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Bands/artists who radically changed sound


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Discharge

Discharges early material is seminal work in the world of punk pretty much inventing the d-beat style plus influencing a metric fuckton of artists across punk, hardcore & metal.
 



For album number two they opted to jump on the glam bandwagon & pretty much kill their credibility in punk circles. Worth a listen alone for the vocals.

 


 

The band broke up not long after Grave New World but reformed in 1990 with material in the heavy metal realm before an eventual pivot back to their punk & hardcore roots. Still active as a band.
 

Edited by GNU_Linux
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Pyogenesis

Starting out playing a death/doom hybrid in the vein of bands like My Dying Bride, Paradise Lost et al with a move towards straight up goth/doom before the radical shift.

 





Ended up eventually playing run of the mill alt rock eventually leading to pop punk escapades.


 



 




Still around but zero idea how they sound these days.

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Ulver

Ulver's first three albums (known as the trilogy) were black metal with folk influence.

 




With album number 4 in 1998 the band pivoted fully leftfield into experimental electronica & industrial.


 




Since then Ulver have been all over the place sonically with their two most recent outings being in the synth pop realm.


 

 

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Not many artists can claim to be truly original and pushing forward the boundaries of popular music. Kraftwerk, Roxy Music/Eno, Beefheart, Prince, Public Enemy, Aphex Twin, Beach Boys would all be in with a shout. The one that came to my mind straight away was...

 

 

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I immediately thought Anathema. I first became aware of them when their first EP was coming out, and they were a Doom Metal band that went on tour with Cannibal Corpse. Didn't really tickle my fancy. I didn't hear anything else until more than twenty-odd years later, when a really good mainstream progressive rock song on a compilation CD turned out to be by them. Bought the album as a result, which was also excellent, but it couldn't have been further away from their origins.

Also, Nine Inch Nails' debut album was nothing like Trent Reznor's later work. Think a lot of people bought it based on Head Like a Hole and were surprised to find themselves with a poor Depeche Mode record. The following Broken and Fixed EPs were a lot different (and very good), and laid the foundations for where he'd end up going.

Bit before my time, but Celtic Frost were massively influential on the thrash and death metal scenes, then did a similarvolte-face to Discharge and released a glam rock album. It went down really well; there were older metal fans still spitting feathers about it when I discovered the genre years later  :lol:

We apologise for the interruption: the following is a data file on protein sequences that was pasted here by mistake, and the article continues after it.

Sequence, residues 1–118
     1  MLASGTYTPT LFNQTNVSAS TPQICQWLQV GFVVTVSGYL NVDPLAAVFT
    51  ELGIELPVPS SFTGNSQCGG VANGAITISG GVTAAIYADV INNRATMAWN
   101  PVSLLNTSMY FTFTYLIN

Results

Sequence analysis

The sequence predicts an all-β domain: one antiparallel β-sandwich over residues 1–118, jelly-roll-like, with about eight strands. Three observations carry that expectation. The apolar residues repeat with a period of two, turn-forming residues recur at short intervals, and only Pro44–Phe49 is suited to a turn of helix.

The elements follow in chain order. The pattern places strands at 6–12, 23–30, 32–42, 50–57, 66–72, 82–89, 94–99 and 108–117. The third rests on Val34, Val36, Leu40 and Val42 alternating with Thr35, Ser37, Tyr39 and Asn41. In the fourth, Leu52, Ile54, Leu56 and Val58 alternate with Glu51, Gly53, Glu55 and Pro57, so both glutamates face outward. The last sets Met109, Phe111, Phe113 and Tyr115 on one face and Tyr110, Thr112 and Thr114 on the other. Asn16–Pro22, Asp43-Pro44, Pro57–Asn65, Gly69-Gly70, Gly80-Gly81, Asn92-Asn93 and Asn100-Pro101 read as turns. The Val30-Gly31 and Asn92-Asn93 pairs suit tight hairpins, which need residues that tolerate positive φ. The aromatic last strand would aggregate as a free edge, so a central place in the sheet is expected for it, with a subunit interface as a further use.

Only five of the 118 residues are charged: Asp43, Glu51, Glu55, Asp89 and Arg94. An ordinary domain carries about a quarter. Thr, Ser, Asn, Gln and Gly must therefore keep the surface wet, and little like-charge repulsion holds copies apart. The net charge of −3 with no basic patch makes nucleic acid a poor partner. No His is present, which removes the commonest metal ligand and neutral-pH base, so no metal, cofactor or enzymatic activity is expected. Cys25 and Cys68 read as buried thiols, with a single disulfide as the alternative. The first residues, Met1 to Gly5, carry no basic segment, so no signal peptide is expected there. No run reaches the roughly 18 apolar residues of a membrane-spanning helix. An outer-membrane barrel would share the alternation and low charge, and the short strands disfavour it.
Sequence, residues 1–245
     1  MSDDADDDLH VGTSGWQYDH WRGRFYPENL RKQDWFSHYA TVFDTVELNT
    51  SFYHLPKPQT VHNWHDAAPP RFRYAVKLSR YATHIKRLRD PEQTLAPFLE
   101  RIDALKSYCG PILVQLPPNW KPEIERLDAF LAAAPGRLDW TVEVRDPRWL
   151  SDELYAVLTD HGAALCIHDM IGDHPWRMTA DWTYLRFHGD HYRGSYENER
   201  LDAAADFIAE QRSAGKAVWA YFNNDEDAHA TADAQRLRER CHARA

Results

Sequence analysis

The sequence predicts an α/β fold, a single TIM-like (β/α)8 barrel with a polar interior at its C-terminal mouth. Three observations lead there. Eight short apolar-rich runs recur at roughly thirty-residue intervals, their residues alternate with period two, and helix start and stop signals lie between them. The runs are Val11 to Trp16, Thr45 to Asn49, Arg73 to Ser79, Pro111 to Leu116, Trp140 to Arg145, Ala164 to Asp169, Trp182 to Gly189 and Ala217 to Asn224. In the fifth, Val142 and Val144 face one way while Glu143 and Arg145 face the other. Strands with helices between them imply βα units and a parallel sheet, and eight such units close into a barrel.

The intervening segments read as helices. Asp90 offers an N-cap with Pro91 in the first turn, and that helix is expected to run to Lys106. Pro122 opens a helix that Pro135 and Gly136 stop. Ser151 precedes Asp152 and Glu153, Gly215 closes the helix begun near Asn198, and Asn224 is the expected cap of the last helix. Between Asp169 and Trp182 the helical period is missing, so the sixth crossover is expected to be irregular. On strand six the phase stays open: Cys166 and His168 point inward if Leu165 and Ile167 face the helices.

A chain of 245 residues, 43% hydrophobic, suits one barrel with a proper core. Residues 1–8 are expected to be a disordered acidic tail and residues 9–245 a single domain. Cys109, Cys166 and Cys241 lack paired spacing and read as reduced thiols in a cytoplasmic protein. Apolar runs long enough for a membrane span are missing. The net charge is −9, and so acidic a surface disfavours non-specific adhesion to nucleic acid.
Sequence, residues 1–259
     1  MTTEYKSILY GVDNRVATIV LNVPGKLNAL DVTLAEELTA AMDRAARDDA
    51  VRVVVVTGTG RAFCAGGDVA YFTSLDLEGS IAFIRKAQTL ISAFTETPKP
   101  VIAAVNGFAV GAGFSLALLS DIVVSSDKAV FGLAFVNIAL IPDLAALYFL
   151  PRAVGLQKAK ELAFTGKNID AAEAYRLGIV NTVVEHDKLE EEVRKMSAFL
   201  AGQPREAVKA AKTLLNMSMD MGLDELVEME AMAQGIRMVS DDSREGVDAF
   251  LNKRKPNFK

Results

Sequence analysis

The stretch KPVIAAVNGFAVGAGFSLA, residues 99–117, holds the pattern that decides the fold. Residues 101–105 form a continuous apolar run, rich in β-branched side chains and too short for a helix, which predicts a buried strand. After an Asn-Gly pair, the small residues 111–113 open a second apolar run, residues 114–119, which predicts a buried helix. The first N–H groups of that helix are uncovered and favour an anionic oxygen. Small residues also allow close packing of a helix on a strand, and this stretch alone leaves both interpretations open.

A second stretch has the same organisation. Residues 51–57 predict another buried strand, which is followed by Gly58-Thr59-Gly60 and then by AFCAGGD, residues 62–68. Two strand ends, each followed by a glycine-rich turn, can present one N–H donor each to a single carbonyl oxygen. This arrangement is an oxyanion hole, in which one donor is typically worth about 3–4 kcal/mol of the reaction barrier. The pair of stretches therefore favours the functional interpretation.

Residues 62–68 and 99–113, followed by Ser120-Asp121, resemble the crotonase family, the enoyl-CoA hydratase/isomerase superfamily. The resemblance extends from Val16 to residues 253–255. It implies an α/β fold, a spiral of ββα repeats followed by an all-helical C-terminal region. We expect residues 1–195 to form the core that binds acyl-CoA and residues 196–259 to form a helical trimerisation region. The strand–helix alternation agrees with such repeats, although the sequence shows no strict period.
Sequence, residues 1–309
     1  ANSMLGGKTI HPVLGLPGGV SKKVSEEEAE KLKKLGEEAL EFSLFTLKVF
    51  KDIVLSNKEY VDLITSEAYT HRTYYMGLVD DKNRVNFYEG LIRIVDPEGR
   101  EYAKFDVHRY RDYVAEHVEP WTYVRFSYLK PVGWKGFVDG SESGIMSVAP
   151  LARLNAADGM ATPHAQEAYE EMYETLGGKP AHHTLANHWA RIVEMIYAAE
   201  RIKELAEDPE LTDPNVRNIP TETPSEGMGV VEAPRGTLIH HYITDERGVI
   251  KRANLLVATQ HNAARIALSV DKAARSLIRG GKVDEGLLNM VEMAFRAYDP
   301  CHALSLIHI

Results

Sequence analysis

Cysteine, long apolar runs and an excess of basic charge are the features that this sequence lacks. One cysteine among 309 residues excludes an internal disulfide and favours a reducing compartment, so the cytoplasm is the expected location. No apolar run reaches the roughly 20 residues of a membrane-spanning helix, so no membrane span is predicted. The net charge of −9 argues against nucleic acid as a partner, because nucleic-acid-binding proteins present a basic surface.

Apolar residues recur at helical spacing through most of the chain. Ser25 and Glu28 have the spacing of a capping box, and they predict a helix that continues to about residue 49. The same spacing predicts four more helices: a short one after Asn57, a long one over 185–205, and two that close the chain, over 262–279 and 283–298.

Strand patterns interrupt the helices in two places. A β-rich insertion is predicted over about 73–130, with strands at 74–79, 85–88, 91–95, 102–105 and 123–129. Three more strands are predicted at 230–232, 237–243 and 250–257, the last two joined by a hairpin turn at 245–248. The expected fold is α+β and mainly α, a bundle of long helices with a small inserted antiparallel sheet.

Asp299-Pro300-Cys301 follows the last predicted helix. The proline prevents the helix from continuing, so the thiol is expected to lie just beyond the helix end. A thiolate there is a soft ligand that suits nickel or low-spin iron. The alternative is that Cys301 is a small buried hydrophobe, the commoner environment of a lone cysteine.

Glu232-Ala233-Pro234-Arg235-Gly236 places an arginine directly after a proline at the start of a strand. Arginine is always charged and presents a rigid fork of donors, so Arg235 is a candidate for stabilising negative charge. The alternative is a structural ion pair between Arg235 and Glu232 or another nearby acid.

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9 hours ago, BFTD said:

, Nine Inch Nails' debut album was nothing like Trent Reznor's later work. Think a lot of people bought it based on Head Like a Hole and were surprised to find themselves with a poor Depeche Mode record. The following Broken and Fixed EPs were a lot different (and very good), and laid the foundations for where he'd end up going.

Ministry went on a similar journey from their origins, though they were far louder/thrashier later on. 

Talk Talk was the name that sprung to mind straight away for me. 

Edited by Scorge
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5 hours ago, Scorge said:

Ministry went on a similar journey from their origins, though they were far louder/thrashier later on. 

Talk Talk was the name that sprung to mind straight away for me. 

I much prefer ministry's early work, when they we doing typical 80s synthpop. They've disavowed it now though.

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The Beastie boys are often overlooked in this respect went from hardcore punk, to comedy hip hop to much more technical sample based rap. 

 

 

 

Edited by cb_diamond
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Larry Graham (invented slap bass) 

Aphex Twin

Mad that the first ten years or so of hip hop went unrecorded, so we'll never really hear how that evolved. 

I read in Smash Hits when i was a child Cliff Richard claiming to have invented rock n roll. He clarified he meant in the UK. Then further clarified he meant he was the first to dress a certain way, with "puce socks". Still not sure what puce is. Anyway. Not Cliff. Lonnie Donegan, no Lonnie, no 60s.

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I've been meaning to check out Bowie's industrial period for about a quarter of a century since hearing Heart's Filthy Lesson on the credits of Se7en. Couldn't believe it when his name came up.

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17 hours ago, BFTD said:

I've been meaning to check out Bowie's industrial period for about a quarter of a century since hearing Heart's Filthy Lesson on the credits of Se7en. Couldn't believe it when his name came up.

Low and Heroes are my favourite Bowie albums.

Whenever I listen to either of them I wonder what the Ziggy Stardust era teenyboppers made of it all when it was released. I can imagine them sticking on side two of Low and wondering WTF it was all about. Same goes for the punks. Would teenage Pistols or Clash fans have listened to Low?

Hats off to Bowie for having the conjones to record those albums at that time. 

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